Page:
KUALA LUMPUR — Malaysian Muslims complaining of discrimination by the West should first acknowledge the injustices against minorities in their own country, a renowned Muslim academic said critically today.
Speaking in defence pluralism, Swiss academic Dr Tariq Ramadan recounted anecdotes from non-Muslims here that they are being treated as “second class citizens”, which he said contradicted principles of Islam.
“I’m sorry but some of your fellow citizens in this country who are not Muslims are facing this discrimination, they are facing injustices,” Ramadan said in a question-and-answers session after a talk on “jihad”, or holy struggle.
“If you want to be good Muslims, instead of preventing people from believing, you become better believers. Don’t be scared of people who are not Muslim. Be scared, be afraid, be worried about our own lack of consistency.”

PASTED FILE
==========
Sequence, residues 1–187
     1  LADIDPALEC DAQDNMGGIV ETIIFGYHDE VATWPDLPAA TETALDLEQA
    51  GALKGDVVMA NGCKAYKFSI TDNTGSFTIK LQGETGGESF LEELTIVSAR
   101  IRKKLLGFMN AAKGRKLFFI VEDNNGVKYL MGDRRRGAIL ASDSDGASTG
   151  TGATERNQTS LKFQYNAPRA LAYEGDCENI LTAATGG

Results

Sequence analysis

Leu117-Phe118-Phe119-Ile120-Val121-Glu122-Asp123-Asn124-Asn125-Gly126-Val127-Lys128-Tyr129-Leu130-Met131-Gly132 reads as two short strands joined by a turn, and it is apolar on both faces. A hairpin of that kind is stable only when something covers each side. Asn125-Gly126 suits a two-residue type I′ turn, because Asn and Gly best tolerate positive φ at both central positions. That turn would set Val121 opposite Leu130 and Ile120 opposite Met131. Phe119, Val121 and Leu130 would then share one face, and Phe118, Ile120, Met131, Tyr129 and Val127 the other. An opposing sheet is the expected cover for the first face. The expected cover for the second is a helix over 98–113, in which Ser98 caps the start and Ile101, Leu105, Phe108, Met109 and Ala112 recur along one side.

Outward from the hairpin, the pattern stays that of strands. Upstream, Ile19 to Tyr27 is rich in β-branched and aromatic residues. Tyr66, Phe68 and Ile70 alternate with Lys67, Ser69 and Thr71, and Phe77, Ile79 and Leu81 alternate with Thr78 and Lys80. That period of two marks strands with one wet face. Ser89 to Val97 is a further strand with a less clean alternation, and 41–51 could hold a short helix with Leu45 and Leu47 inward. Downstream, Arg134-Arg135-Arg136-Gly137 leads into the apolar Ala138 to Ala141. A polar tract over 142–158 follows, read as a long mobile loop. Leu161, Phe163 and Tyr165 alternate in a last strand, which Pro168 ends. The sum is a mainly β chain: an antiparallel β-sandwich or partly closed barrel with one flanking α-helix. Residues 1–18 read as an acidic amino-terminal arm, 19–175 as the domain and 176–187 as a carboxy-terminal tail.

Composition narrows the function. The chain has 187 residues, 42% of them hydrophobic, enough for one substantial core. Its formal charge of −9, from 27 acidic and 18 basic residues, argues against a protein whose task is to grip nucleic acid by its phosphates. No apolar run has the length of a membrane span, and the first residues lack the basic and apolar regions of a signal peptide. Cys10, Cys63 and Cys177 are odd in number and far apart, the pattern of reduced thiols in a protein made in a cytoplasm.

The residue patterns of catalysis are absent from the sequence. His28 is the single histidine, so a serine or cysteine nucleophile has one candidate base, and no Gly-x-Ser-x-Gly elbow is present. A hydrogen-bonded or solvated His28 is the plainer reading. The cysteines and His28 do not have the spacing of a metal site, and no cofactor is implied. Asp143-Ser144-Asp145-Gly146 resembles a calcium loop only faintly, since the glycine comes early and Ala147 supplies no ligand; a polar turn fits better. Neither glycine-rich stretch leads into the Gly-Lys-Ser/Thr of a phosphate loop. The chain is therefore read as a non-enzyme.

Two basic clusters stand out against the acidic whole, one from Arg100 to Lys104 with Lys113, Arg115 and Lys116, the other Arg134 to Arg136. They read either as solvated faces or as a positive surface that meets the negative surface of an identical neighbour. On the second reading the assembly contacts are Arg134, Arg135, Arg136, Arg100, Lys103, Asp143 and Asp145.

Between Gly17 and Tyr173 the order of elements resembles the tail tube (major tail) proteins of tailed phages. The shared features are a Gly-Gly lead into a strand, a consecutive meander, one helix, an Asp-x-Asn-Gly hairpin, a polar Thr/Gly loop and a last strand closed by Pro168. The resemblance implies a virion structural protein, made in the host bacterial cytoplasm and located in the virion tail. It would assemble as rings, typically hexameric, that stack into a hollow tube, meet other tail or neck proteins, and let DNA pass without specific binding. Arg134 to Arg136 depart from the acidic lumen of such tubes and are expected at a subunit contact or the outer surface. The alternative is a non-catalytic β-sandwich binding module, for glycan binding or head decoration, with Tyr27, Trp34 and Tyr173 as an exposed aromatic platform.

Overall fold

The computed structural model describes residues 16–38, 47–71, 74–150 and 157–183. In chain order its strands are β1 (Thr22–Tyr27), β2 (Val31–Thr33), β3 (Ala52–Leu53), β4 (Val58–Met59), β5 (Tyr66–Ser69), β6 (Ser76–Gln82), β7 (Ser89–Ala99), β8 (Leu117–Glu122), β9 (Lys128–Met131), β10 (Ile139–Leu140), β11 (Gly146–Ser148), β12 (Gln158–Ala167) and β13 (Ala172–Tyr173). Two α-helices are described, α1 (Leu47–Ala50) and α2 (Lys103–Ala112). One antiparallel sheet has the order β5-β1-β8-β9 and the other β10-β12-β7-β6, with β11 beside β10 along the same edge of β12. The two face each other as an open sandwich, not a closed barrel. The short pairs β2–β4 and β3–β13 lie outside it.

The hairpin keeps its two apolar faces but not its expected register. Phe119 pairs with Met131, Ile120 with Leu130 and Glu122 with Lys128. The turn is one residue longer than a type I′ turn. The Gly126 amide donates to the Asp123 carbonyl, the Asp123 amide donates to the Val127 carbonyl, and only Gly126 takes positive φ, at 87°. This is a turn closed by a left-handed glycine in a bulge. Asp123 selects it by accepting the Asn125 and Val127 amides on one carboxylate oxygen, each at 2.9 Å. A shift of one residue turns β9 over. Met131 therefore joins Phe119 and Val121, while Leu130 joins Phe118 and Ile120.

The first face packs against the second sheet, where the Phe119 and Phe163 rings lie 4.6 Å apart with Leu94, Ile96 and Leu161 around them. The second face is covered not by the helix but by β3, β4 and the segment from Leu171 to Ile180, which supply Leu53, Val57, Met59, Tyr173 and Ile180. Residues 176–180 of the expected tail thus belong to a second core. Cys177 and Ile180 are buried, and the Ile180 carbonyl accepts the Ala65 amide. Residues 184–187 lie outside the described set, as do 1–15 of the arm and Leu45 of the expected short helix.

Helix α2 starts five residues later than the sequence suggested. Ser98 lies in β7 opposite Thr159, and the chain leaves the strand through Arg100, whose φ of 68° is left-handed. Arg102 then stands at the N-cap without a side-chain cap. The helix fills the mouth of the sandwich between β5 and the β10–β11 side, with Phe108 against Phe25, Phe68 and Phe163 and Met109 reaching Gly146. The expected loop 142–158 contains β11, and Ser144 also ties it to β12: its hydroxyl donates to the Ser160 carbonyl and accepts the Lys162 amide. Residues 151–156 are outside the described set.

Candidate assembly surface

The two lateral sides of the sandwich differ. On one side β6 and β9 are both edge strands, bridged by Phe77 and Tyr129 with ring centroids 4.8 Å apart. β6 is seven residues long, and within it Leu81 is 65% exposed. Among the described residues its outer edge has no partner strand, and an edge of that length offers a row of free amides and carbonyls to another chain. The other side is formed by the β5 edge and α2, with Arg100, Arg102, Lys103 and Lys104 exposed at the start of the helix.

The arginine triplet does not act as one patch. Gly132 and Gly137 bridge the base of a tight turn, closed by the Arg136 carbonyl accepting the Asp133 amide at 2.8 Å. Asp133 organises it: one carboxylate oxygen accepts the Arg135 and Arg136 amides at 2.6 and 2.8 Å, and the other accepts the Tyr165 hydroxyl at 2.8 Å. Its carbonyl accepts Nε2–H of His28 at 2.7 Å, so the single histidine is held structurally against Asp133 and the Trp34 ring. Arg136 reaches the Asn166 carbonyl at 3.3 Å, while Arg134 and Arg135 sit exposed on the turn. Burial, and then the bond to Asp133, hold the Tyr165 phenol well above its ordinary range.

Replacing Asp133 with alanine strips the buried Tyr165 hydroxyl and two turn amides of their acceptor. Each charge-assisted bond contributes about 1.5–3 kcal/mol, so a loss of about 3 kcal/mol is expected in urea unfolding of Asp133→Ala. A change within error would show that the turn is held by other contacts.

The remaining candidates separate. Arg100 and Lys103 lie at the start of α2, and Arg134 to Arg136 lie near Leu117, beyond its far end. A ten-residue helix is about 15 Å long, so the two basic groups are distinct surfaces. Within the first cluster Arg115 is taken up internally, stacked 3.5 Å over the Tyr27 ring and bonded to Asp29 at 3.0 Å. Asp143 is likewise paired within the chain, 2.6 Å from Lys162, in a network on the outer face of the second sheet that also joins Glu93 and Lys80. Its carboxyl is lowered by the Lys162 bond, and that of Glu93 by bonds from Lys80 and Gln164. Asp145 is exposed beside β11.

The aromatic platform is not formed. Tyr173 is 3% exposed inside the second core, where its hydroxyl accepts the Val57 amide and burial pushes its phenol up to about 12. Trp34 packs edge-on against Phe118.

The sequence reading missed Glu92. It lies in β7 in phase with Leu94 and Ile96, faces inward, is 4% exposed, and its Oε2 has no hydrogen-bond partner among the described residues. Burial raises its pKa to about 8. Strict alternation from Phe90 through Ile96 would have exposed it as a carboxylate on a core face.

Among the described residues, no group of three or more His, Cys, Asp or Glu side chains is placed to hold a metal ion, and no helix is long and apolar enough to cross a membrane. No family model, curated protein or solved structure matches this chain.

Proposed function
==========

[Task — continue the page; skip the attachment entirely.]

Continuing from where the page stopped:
Ramadan said that just as the West, the Muslim world is equally guilty of having double standards, discrepancies and inconsistencies when it comes to criticism and practice of values.
Earlier in his talk, the ethnic Egyptian academic also urged Malaysian Muslims to speak out against parts of Malaysian culture that are un-Islamic, which included stigmatisation of the minorities and censorship of ideas.
“Malaysian Muslims should struggle against anything in Malaysian culture which does not protect dignity and equality of human being,” said Ramadan.
Last year, Selangor has declared a fatwa, or religious decree, against “liberalism and religious pluralism”, calling those involved with the ideologies as “deviants”.